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Johann Sebastian Bach

From Wikipedia, the free encyclopedia

Johann Sebastian Bach (German pronunciation: [joˈhan] or [ˈjoːhan zeˈbastjan ˈbax]) (31 March 1685 [O.S. 21 March] 28 July 1750) (often referred to as Bach) was a German composer and an organist, whose ecclesiastical and secular works for choir, orchestra, and solo instruments drew together the strands of the Baroque period and brought it to its ultimate maturity.

Although he introduced no new forms, he enriched the prevailing German style with a robust contrapuntal technique, an unrivalled control of harmonic and motivic organisation, and the adaptation of rhythms, forms and textures from abroad, particularly from Italy and France.

Revered for their intellectual depth, technical command and artistic beauty, Bach's works include the Brandenburg concertos, the Goldberg Variations, the Partitas, the Well-Tempered Clavier, the Mass in B Minor, the St. Matthew Passion, the St. John Passion, the Magnificat, The Musical Offering, The Art of Fugue, the English and French Sites, the Sonatas and Partitas for solo violin, the Cello Suites,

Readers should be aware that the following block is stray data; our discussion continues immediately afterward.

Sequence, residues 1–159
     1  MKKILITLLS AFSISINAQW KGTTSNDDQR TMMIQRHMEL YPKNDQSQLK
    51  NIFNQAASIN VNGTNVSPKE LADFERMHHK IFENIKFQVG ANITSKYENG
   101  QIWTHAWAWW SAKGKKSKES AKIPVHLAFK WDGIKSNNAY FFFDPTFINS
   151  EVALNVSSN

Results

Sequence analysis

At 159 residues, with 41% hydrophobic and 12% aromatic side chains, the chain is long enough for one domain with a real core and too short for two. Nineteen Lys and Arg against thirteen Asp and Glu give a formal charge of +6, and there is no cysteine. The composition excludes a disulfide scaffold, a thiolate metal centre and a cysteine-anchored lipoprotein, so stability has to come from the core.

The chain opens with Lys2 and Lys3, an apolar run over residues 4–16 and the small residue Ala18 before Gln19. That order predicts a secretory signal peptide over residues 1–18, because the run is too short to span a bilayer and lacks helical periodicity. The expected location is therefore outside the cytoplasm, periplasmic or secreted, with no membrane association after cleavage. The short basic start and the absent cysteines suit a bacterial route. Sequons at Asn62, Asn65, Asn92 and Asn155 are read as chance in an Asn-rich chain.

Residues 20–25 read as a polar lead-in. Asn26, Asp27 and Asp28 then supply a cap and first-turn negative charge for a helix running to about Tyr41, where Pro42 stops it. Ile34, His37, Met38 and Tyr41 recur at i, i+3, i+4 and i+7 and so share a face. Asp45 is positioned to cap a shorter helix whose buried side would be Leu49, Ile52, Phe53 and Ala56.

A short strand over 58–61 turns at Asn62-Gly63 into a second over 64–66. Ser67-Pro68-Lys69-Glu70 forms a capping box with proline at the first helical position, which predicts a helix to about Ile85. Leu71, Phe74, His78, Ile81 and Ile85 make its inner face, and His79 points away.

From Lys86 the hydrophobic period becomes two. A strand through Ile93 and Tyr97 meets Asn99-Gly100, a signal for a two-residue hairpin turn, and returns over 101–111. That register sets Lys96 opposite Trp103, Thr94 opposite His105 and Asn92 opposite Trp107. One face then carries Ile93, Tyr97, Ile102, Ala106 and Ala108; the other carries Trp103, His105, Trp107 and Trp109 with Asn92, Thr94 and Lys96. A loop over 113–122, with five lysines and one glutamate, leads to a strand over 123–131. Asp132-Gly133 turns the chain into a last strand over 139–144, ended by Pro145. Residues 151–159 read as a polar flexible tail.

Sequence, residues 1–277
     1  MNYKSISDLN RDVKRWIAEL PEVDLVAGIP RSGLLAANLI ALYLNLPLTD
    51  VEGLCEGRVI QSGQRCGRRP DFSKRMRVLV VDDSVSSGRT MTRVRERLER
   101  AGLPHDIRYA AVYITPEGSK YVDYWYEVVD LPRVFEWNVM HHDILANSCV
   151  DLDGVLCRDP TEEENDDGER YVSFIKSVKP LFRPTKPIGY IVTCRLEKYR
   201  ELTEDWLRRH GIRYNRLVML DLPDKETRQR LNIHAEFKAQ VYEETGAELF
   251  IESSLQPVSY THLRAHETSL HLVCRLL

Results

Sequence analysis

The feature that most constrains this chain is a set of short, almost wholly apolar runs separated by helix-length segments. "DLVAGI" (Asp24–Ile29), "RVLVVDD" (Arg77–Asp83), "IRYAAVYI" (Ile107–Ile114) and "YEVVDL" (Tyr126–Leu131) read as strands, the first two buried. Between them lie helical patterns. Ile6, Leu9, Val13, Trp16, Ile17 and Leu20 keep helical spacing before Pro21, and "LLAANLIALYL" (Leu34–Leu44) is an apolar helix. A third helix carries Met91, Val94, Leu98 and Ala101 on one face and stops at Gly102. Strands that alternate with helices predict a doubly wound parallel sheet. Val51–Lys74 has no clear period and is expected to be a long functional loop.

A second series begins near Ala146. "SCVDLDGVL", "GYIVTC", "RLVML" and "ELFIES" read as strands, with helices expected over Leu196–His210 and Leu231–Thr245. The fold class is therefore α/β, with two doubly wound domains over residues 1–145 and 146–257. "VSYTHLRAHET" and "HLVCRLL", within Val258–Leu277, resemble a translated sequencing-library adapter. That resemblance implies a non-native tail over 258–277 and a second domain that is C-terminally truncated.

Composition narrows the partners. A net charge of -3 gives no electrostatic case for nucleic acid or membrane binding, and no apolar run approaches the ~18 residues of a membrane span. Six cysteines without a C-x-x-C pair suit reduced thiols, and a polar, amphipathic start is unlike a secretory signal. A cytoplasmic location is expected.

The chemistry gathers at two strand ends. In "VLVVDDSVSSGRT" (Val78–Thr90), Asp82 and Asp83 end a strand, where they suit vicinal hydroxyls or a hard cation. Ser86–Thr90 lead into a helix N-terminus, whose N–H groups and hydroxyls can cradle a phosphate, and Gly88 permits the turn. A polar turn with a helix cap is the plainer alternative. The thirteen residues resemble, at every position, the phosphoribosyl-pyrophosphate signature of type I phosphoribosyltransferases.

more than 200 surviving cantatas, and a similar number of organ works, including the celebrated Toccata and Fugue in D minor and Passacaglia and Fugue in C minor.

Bach's abilities as an organist were highly respected throughout Europe during his lifetime, although he was not widely recognised as a great composer until a revival of interest and performances of his music in the first half of the 19th century. He is now regarded as the supreme composer of the Baroque, and as one of the greatest of all time.

 


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